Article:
What to feed your dog is a ‘hot potato’ topic at the moment! You may have read our recent blog ‘Feeding dogs raw chicken necks warning!’ which says feeding dogs raw chicken meat, particularly chicken necks, has been linked to a rare but potentially fatal type of canine paralysis.  This statement was from a Study led by the University of Melbourne’s U-Vet Werribee Animal Hospital.  The outcome of the Study found the consumption of raw chicken meat increased the risk of developing the paralysing condition acute polyradiculoneuritis (APN) by more than 70 times.  This is alarming!

Since posting our blog, we have received comments from the Pets4Life community saying there are flaws in the Study and referred to Dr Connor Brady’s article, ‘Raw chicken necks is highly unlikely to cause paralysis in dogs‘.  Dr Connor Brady is not a veterinarian, he has a Doctorate on the effects of diet on animal behaviour.  Dr Brady is an advocate for fresh food for dogs and the Founder of Dogs First in Ireland.  He says on his website, ‘The veterinary focus of treating symptoms when they pop up instead of tackling the cause of all this illness is plain wrong. Dogs First’s mission is to have at least 25% of Irish vets recommending fresh ingredients for dogs by 2020.’

You can make up your own mind about whether to feed your dog raw chicken meat or not.

RAW CHICKEN IS HIGHLY UNLIKELY TO CAUSE PARALYSIS IN DOGS says Dr Connor Brady

According to Dr Brady’s blog post – Melbourne University produced a study investigating Acute PolyradiculoNeuritis (APN) in dogs. This is an immune-mediated peripheral nerve disorder where a suspected trigger is the bacterial pathogen Campylobacter spp. In a piece entitled “Raw Chicken Causes Paralysis in Dogs”, the university found that around half of their APN dogs (13 of 27, 48%) had Campylobacter spp. in their faeces. Further, they found that 98% of the APN cases (26 of 27) had been fed raw chicken (including such pieces as necks and wings). From this, the authors concluded,

…raw chicken in the diet is highly likely to increase the risk of developing APN in dogs in Australia

…We recommend owners choose regular dog food rather than chicken necks until we know more about this debilitating condition

OK, on first glance, certainly considering the author’s conclusions, this doesn’t look good for raw feeding. Raw chicken is certainly a source of Campylobacter and a lot of raw dog foods are based on raw chicken. What’s more, Campylobacter is well known to put you on your ass, or at least pooing a lot out of it. It is the most common bacterial cause of enteric disease worldwide, with two million American cases reported annually. Despite authors yet to document a single incident of Campylobacter poisoning in humans resulting from a raw fed dog (Finley et al. 2006), it’s an emotive one for the people.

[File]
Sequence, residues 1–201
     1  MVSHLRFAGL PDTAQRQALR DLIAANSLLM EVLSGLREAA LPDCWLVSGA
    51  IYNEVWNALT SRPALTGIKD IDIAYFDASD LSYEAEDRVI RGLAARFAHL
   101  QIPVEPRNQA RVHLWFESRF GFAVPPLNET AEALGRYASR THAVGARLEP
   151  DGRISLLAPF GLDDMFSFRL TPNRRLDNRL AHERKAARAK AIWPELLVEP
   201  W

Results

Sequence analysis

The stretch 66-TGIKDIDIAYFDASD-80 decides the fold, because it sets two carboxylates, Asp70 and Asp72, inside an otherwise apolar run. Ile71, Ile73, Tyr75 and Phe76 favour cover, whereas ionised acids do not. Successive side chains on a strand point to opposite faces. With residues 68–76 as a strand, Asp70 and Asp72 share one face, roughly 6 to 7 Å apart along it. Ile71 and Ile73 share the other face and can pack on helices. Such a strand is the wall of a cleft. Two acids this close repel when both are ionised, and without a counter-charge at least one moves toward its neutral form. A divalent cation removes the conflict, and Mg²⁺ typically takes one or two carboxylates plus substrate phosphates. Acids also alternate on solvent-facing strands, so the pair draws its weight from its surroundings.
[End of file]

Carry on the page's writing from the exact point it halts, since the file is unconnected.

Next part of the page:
Needless to say, this University of Melbournes study was eagerly seized upon by our vets (Pete The VetLongford VetsU-Vet, to name but three) as well as media outlets worldwide (ABC newsNews.comDaily Mail etc) as yet more proof that fresh food as a whole is dangerous for your dog and you should only feed them highly processed, inert, packets of crud made in China.

Dr Brady examines the science uncovers the flaws in the Melbourne University’s Study.  We have provided an extract of the key points from Dr Brady’s blog post.  Read the full blog post here.

1. AROUND HALF OF DOGS NORMALLY HOUSE CAMPYLOBACTER IN THEIR GUTS!

Approximately half the canine population house Campylobacter in their guts. It’s a very normal thing for cats and dogs to have, irrespective if they are dry or raw fed.

2. THERE ARE SO MANY CAUSES OF APN IN DOGS IT’S RIDICULOUS…

Contrary to the findings in this Study, previous authors found no such link with Campylobacter and APN in dogs (Holt et al. 2011). In fact, these authors investigated the link between 6 microbes (Ehrlichia canisBorrelia burgdorferiToxoplasma gondiiNeospora caninumCampylobacter and distemper) with APN and found that T. gondii was the only significant culprit.

Instead, APN has been linked to a great variety of maladies including vaccinations (Gehring and Eggars 2001) as well as common upper respiratory and gastro-intestinal infections (Cummings et al. 1992, Cuddon 2002).

3. POOR SAMPLE SIZE AND POORER SAMPLING METHODS…

This study is talking about 27 dogs with APN. For those of you outside the science realm, this is a pitifully small number of cases to be working with. When the study notes that 26/27 dogs (98%) with APN were fed raw chicken but only 13/47 control dogs (26%), my natural inclination would be a) you need far more dogs before you make any reasonable claims and b) how did you select your control dogs?

4. MIGHT THERE BE ANOTHER REASON DOGS WITH APN SHED CAMPYLOBACTER IN THEIR FAECES?

No, I really don’t know, is there?! The authors of the Study seemed so clear, but I’m struggling. They found that a not-unusual 48% of their APN dogs were shedding Campylobacter (while the other half did not), noted that these dogs were being fed more raw chicken wings and necks than the control group (possibly because they were smaller coupled with the fact that the control group was populated with vet university staff dogs), concluded that their neurological disorder was caused by the chicken (an impossible leap) and recommended everyone to steer clear of all raw dog food as a whole.